18 Backlist Books to Read in 2018

I’m trying to curb my TBR in 2018, which should be easy enough except for the part where I own a lot of books that I’m like, “I really need to read this!” but they aren’t romance novels or YA so they’ve been languishing on my shelf. Literary fiction and adult fiction are ones that I feel like I have to commit to more than other books and so I just put them off. It’s a problem, especially since I think I’m going to like every book on this list.

I’ve got two Toni Morrison books on here because I think it’s shameful I am 26 and have never read one of her books. I picked up Song of Solomon and Beloved in the used books section of Flyleaf (a local Indie bookstore in Chapel Hill). I’m not really sure what either of these books are about, but you know, they’re by Toni Morrison.

Also from a used book store, I picked up The Bell Jar by Sylvia Plath because, again, I feel like I should have read this by now. I think it’s kind of a staple in feminist literature, but once again, I don’t really know what it’s about.

I do not yet own this one, but I really want to read Rebecca by Daphne du Morier because I feel like absolutely everyone that has read this has loved it. And then there’s me who has not read it, is still not precisely sure what it’s about. I think I’m going to listen to this one on audiobook because I found a narration I like. So this read will probably happen in February with my credit for that month.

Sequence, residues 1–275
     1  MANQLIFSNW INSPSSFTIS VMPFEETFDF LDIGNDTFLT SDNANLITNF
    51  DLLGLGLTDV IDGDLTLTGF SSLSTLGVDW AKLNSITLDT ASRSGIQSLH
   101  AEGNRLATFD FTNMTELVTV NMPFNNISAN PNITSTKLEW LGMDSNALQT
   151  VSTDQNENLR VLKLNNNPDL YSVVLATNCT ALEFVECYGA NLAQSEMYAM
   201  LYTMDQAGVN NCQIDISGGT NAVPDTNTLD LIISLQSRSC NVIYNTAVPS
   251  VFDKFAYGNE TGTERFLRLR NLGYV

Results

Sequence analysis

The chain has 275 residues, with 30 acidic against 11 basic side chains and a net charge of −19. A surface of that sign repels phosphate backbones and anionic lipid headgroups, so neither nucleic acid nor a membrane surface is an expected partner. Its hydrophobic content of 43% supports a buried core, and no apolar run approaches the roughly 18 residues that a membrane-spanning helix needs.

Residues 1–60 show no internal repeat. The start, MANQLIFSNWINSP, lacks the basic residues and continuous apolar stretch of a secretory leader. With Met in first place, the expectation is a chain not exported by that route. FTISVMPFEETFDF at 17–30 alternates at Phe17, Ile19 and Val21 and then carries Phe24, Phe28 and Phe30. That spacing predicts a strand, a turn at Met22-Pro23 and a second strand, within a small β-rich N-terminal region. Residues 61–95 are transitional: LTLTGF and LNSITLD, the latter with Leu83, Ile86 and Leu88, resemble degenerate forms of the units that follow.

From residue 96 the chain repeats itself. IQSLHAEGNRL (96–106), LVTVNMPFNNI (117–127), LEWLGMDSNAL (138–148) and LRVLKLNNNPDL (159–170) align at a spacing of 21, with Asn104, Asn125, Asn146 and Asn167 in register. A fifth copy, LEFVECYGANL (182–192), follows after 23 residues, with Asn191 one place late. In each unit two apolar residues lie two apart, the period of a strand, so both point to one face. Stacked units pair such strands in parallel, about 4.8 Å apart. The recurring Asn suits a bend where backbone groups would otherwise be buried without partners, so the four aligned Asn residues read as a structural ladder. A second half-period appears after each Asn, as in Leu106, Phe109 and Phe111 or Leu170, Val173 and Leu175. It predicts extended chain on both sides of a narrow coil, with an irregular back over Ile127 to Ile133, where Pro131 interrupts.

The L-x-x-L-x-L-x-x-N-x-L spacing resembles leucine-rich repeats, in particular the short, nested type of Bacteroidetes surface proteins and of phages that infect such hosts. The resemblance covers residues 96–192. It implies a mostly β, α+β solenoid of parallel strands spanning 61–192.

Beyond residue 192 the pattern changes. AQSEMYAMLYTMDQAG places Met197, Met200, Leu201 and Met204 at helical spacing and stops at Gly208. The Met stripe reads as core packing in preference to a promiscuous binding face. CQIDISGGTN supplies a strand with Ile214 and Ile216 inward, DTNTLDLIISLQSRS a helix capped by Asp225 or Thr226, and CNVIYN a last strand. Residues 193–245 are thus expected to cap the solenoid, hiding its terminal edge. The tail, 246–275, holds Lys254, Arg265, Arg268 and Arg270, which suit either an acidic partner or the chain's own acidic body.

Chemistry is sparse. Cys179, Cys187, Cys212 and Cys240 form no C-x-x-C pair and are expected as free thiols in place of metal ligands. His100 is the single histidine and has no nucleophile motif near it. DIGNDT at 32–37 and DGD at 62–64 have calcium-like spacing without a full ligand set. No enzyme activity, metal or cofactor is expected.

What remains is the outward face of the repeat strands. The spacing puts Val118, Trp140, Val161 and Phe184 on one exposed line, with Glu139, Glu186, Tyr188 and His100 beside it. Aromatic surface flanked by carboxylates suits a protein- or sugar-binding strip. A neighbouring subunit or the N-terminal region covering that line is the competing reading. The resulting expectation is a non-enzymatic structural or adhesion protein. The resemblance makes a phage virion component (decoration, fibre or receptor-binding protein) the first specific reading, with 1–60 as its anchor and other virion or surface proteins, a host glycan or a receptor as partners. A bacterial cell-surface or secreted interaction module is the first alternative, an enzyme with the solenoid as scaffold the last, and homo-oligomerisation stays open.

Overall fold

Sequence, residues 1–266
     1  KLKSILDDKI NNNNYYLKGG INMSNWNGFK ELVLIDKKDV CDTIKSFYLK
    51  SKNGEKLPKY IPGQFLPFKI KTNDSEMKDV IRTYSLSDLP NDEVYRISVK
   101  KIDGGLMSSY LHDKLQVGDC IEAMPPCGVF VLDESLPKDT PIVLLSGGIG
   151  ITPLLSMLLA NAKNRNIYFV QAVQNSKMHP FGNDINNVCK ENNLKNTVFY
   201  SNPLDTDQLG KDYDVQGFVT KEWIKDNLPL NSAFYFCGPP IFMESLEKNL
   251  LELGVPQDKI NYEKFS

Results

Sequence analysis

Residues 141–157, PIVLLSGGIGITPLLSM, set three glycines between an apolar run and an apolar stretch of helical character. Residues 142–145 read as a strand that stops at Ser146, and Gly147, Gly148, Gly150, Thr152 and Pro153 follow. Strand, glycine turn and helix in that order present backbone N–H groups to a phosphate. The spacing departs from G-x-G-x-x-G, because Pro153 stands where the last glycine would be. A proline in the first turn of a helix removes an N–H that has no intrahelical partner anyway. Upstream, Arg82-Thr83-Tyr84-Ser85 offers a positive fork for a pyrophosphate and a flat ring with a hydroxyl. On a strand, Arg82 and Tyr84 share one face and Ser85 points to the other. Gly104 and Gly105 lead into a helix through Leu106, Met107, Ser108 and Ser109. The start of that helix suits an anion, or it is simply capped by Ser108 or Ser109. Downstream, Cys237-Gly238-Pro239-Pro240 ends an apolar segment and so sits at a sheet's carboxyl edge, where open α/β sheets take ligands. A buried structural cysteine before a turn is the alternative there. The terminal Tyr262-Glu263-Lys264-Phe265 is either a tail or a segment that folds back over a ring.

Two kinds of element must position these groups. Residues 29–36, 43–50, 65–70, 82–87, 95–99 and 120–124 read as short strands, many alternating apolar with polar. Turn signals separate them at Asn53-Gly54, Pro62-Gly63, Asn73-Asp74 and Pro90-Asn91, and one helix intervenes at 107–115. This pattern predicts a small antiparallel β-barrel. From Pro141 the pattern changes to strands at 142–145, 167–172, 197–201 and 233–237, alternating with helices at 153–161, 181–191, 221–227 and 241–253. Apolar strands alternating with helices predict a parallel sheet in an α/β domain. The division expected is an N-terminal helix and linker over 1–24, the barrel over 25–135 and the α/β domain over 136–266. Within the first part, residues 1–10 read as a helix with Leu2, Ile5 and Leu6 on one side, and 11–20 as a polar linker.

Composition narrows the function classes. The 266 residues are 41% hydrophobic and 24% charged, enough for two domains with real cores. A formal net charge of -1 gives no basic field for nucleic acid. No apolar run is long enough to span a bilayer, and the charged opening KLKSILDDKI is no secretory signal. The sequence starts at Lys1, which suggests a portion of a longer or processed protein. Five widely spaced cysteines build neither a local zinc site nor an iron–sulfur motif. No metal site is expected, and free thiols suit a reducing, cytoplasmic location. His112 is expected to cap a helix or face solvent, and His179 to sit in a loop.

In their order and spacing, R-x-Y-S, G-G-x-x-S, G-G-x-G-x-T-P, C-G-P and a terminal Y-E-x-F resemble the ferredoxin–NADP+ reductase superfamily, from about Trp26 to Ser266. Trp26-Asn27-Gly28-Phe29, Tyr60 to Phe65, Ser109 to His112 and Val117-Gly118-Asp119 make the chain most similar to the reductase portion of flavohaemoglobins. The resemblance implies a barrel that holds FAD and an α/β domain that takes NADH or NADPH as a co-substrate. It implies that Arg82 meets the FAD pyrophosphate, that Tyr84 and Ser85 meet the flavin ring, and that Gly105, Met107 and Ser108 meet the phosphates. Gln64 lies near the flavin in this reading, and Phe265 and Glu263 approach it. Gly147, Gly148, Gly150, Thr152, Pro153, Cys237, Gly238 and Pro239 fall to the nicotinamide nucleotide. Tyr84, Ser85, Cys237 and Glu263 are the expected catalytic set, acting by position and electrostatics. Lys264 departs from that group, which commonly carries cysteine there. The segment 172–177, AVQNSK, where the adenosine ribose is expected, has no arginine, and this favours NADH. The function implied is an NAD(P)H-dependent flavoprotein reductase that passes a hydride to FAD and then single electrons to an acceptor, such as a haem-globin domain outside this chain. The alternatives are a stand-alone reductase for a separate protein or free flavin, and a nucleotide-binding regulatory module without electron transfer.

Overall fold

Emma by Jane Austen has repeatedly escaped me. As in, I have tried to read this book an unbelievable amount of times, but Emma has always annoyed me so incredibly much, I have never been able to successfully complete this book. That said, I adore Clueless and Jane Austen in general. Pride and Prejudice is one of my absolute favorite books of all time and I’m looking forward to re-reading it this year on audiobook! But Emma will have to be read, I think, because I haven’t found a narration I’m happy with. If you have any recommendations, leave them down below!

Shelter by Jung Yun is a book I just picked up a few weeks ago because it won the Reading Women Award for Fiction in 2016. I know I need to be doing a better job reading diversely (I’ve done better, but I’ve still got a ways to go) and this book is so beloved, I feel like it’s a great way to start. It sounds like it’s a family drama that deals a lot with class and complicated familial relationships.

Next up, we’ve got Jonathan Strange & Mr. Norrell by Susanna Clarke, which is definitely going to be a Tome Topple read. This thing is massive. I picked it up at the same time I got the Toni Morrison novels from Flyleaf’s used book section.

Then we have Homegoing by Yaa Gyasi because I’m terrible and still haven’t read this even though I bought it intending to read it right away.

The Power has such a beautifully feminist concept and I’m so excited to read it. I’ve read the first few pages and wanted to dive in, but have put it off because I thought I was going to be reading it with some of my friends.

Little Fires Everywhere by Celeste Ng is also on this list because I’m awful and have still not read it. I tried to when my life was stressful and I was trying to pack and move and just wanted an escapist read so instead of Little Fires Everywhere, I think I read a ton of romance novels instead. Plus, excitingly, I think Dani and I are going to buddy read this one and The Seven Husbands of Evelyn Hugo.

All the Light We Cannot See by Anthony Doerr is one that so many people in real life have talked to me about and find it ridiculous that I haven’t read. This book is a historical fiction novel that I think is mostly set in France, with a blind French girl and somehow she becomes friends with a Nazi soldier? I’m very confused and a little concerned, tbh. I need someone to tell me that he’s like… Not actually a Nazi. I probably should have read the back before I picked it up, tbh, because I probably would have put it off even longer if I had. Anyway, this was the first book I pulled from the jar so it’s happening!